LOS ANGELES (CBS)— A paramedic who was off-duty at the time Giants fan Bryan Stow was severely attacked at Dodger Stadium gave graphic details of the incident in court Wednesday.
Stow was knocked unconscious when witnesses say several men wearing Dodger jerseys assaulted him in a stadium parking lot on opening day last year.
Corey Maciel attended the game with fellow paramedic Bryan Stow and two others to root for the Giants on March 31, 2011. He testified Wednesday that he quickly realized the severity of Stow’s injuries after he saw the back of a friend’s head bounce off the pavement.
Stow’s friend said he saw the assailant — whom he described as a Hispanic man between 20 and 30 years old — repeatedly kick Stow in the head with “full wind-up” kicks after knocking him to the ground with a “haymaker punch” to the left side of his head.
“To my recollection, it was three times,” Maciel testified of the number of kicks by Stow’s primary attacker during a hearing to determine if there is enough evidence to require Louie Sanchez, 30, and Marvin Norwood, 31, to stand trial for Stow’s beating.
Maciel testified that another man — whom he described as a taller white man — “kicked Bryan in the torso, in the ribs.” Stow’s friend testified that the taller man ran toward him in an apparent effort to slow him down as he rushed to Stow’s aid and that “there were punches thrown,” but “none of them struck me.” He said he was able to get around the man.
“I threw my body over Bryan’s head to try to stop any further (contact),” Maciel said, adding that he remembered hearing profanities about the Giants.
“I said, `Stop, what else do you want? He’s unconscious,” Stow’s friend testified, noting that another off-duty paramedic who was with the group also tried to shield Stow’s body.
Stow was “deeply unconscious,” did not respond to painful stimuli and had blood coming from his left ear, Maciel said.
A friend who had been with them at the game, Alan “Jeff” Bradford, was briefly knocked to the ground with a punch before the assailant rushed toward Stow and attacked him, the witness testified.
He said the same man had shoved Stow about five minutes earlier after he and another man confronted Stow about a remark he had made after being heckled by Dodgers fans, in which Stow said with a raised voice that he hoped they “code” — a term for cardiac arrest.
Another man with them, Matthew Lee, told his friends he had been punched in the face by the man who pushed Stow, according to Maciel.
“He said he was upset, but it wasn’t worth it and he just wanted to get out of there,” Maciel said of Lee’s reaction.
During a 911 call placed by an onlooker, Maciel told a 911 dispatcher that “we need an ambulance right now” and that Stow was “not doing good” following the attack by a man in a Dodgers jersey.
Another prosecution witness, Monique Alexandria Gonzalez, testified that she heard a Giants fan, whom she subsequently learned was Stow, telling two men in Dodgers jerseys to leave his group alone and that the Dodgers fans appeared to be “like in a sparring motion ready to fight” before Stow was struck in the face.
“He didn’t break his fall. He just totally landed on his head,” she said, noting that the assailant then kicked Stow, who “didn’t respond at all.”
Los Angeles Superior Court Judge George G. Lomeli is expected to rule either Thursday or Friday on whether Sanchez and Norwood, both of Rialto, will proceed to trial.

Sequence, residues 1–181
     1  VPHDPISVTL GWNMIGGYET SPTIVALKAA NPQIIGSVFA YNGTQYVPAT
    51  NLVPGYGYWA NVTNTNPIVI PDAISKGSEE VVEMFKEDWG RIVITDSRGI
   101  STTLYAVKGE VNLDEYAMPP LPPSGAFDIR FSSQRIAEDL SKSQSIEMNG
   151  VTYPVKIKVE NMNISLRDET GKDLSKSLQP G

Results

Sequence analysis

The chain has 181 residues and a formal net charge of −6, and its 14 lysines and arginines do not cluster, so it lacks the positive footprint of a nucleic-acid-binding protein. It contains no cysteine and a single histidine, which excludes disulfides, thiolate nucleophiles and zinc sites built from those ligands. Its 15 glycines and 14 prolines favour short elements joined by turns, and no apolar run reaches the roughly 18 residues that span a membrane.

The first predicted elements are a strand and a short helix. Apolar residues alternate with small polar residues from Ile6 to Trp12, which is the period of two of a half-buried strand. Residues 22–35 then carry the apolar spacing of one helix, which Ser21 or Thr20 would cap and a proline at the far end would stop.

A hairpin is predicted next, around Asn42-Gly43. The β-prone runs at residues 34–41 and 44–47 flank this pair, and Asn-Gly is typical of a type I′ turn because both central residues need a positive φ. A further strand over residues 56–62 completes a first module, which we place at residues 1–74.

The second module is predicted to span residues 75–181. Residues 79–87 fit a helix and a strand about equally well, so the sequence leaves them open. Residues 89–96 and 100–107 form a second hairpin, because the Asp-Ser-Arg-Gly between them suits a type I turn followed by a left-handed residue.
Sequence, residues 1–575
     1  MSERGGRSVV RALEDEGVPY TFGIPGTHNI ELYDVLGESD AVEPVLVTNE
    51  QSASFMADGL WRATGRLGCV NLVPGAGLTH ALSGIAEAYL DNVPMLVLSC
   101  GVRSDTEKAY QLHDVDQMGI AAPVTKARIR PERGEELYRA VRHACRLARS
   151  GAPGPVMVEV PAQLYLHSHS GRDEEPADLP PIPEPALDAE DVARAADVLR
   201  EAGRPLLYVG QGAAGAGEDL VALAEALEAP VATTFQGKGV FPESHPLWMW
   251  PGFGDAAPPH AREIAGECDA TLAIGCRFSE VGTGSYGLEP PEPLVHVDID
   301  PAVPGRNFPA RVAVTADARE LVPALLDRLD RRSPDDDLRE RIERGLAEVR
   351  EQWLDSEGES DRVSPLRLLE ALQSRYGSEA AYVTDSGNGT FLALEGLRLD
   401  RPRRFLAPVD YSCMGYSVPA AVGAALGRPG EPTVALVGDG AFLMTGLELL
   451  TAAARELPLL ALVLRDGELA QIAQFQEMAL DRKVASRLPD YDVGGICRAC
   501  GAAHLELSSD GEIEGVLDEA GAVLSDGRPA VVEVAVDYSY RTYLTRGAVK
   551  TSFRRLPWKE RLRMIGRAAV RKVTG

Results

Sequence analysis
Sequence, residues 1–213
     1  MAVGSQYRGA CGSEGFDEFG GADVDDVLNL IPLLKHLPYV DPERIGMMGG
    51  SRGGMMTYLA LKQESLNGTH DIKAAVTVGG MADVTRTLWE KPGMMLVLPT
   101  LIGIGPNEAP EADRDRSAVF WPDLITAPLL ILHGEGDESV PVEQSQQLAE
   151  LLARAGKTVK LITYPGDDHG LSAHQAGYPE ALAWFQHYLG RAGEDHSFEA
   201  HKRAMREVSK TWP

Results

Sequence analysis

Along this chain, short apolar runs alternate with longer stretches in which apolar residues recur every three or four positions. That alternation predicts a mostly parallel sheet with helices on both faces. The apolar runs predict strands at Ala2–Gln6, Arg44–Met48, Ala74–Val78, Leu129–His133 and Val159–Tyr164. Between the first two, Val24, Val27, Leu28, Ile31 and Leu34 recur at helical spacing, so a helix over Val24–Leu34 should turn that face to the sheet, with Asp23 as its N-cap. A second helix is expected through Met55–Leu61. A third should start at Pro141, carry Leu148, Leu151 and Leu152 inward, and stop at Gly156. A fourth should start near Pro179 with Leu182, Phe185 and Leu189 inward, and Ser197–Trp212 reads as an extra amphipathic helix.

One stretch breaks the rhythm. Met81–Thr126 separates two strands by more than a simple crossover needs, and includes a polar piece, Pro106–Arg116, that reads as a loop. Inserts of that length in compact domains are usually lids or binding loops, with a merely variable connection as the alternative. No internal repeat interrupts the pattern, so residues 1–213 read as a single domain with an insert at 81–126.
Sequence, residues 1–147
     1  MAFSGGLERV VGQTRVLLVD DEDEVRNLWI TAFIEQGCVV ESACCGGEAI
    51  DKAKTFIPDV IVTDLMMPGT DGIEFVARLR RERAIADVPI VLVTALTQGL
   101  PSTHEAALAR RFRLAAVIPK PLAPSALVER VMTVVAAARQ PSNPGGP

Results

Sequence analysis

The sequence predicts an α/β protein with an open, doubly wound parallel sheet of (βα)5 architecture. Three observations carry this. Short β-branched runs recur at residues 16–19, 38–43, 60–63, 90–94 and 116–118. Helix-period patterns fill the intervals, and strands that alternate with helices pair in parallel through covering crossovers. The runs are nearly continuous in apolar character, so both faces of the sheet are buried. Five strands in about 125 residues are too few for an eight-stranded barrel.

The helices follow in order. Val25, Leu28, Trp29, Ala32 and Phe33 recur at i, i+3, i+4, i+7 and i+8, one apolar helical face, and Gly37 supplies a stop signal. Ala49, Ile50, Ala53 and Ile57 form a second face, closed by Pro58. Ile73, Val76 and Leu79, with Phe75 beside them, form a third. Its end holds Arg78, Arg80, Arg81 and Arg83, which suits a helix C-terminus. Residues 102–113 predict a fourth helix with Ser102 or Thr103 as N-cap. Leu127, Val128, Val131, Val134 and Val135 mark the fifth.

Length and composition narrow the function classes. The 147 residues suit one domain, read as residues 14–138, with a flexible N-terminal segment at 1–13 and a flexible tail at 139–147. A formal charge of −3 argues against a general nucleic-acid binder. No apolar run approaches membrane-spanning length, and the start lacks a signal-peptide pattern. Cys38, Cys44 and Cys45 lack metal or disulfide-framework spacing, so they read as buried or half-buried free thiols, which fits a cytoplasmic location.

The two men are charged with one felony count each of mayhem, assault by means likely to produce great bodily injury and battery with serious bodily injury, along with the allegation that the two inflicted great bodily injury on Stow.
Sanchez also is charged with a misdemeanor count of battery involving a run-in with a female Giants fan and a misdemeanor battery count for allegedly swinging his fist at a young man in another group of Giants fans in the parking lot after the game.
Stow suffered a skull fracture that resulted in the loss of a portion of his skull as well as damage to his brain, according to a stipulation signed by attorneys from both sides and read Wednesday in court.
Stow currently is “unable to walk, has loss of motor skills in his arms and hands, is unable to carry on a normal conversation, unable to control his bodily functions and unable to care for himself due to diffuse, severe, traumatic brain injury,” according to the document. “Bryan Stow will require skilled long-term care and daily assistance for the remainder of his life.”
Prosecutors contended in court papers filed last summer that Sanchez initially shoved Stow, followed the Bay Area paramedic after he and his friends walked away and that Sanchez punched him in the side of the head and that both he and Norwood kicked Stow after he was knocked unconscious.
Along with the charges in state court, Sanchez and Norwood are charged in federal court with being a felon in possession of a firearm. Weapons recovered from the garage attic crawl space at Norwood’s home included a Bushmaster assault rifle, with scope and magazine attached; a Marlin semi-automatic rifle; a Mossberg semi-automatic shotgun loaded with five rounds of 12-gauge ammunition and other handguns, according to an affidavit filed by a special agent with the Bureau of Alcohol, Tobacco, Firearms and Explosives.
Norwood said in an interview with police that the weapons belonged to Sanchez but that he kept them at his home because “Sanchez does not have a place to store the guns,” according to the affidavit, which was filed in support of the federal criminal complaint.
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